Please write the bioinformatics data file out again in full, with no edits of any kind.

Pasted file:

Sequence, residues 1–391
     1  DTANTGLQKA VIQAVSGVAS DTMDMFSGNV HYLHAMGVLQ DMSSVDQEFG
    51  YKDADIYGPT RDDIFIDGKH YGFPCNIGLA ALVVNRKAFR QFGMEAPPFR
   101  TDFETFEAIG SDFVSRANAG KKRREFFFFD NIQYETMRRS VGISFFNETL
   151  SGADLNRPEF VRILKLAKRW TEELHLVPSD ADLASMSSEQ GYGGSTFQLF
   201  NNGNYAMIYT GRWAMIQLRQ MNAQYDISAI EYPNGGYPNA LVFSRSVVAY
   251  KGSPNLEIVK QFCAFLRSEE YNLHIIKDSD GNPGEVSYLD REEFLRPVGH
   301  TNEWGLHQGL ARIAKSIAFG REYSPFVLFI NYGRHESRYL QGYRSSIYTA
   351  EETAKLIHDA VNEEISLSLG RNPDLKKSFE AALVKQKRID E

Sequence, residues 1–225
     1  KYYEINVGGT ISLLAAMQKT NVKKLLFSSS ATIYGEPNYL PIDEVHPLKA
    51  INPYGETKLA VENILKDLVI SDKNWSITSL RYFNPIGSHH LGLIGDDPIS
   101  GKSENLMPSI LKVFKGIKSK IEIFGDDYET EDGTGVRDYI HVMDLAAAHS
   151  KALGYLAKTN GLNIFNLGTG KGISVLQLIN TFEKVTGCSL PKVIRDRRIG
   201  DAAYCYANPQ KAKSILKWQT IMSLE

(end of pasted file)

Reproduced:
Sequence, residues 1–391
     1  DTANTGLQKA VIQAVSGVAS DTMDMFSGNV HYLHAMGVLQ DMSSVDQEFG
    51  YKDADIYGPT RDDIFIDGKH YGFPCNIGLA ALVVNRKAFR QFGMEAPPFR
   101  TDFETFEAIG SDFVSRANAG KKRREFFFFD NIQYETMRRS VGISFFNETL
   151  SGADLNRPEF VRILKLAKRW TEELHLVPSD ADLASMSSEQ GYGGSTFQLF
   201  NNGNYAMIYT GRWAMIQLRQ MNAQYDISAI EYPNGGYPNA LVFSRSVVAY
   251  KGSPNLEIVK QFCAFLRSEE YNLHIIKDSD GNPGEVSYLD REEFLRPVGH
   301  TNEWGLHQGL ARIAKSIAFG REYSPFVLFI NYGRHESRYL QGYRSSIYTA
   351  EETAKLIHDA VNEEISLSLG RNPDLKKSFE AALVKQKRID E

Sequence, residues 1–225
     1  KYYEINVGGT ISLLAAMQKT NVKKLLFSSS ATIYGEPNYL PIDEVHPLKA
    51  INPYGETKLA VENILKDLVI SDKNWSITSL RYFNPIGSHH LGLIGDDPIS
   101  GKSENLMPSI LKVFKGIKSK IEIFGDDYET EDGTGVRDYI HVMDLAAAHS
   151  KALGYLAKTN GLNIFNLGTG KGISVLQLIN TFEKVTGCSL PKVIRDRRIG
   201  DAAYCYANPQ KAKSILKWQT IMSLE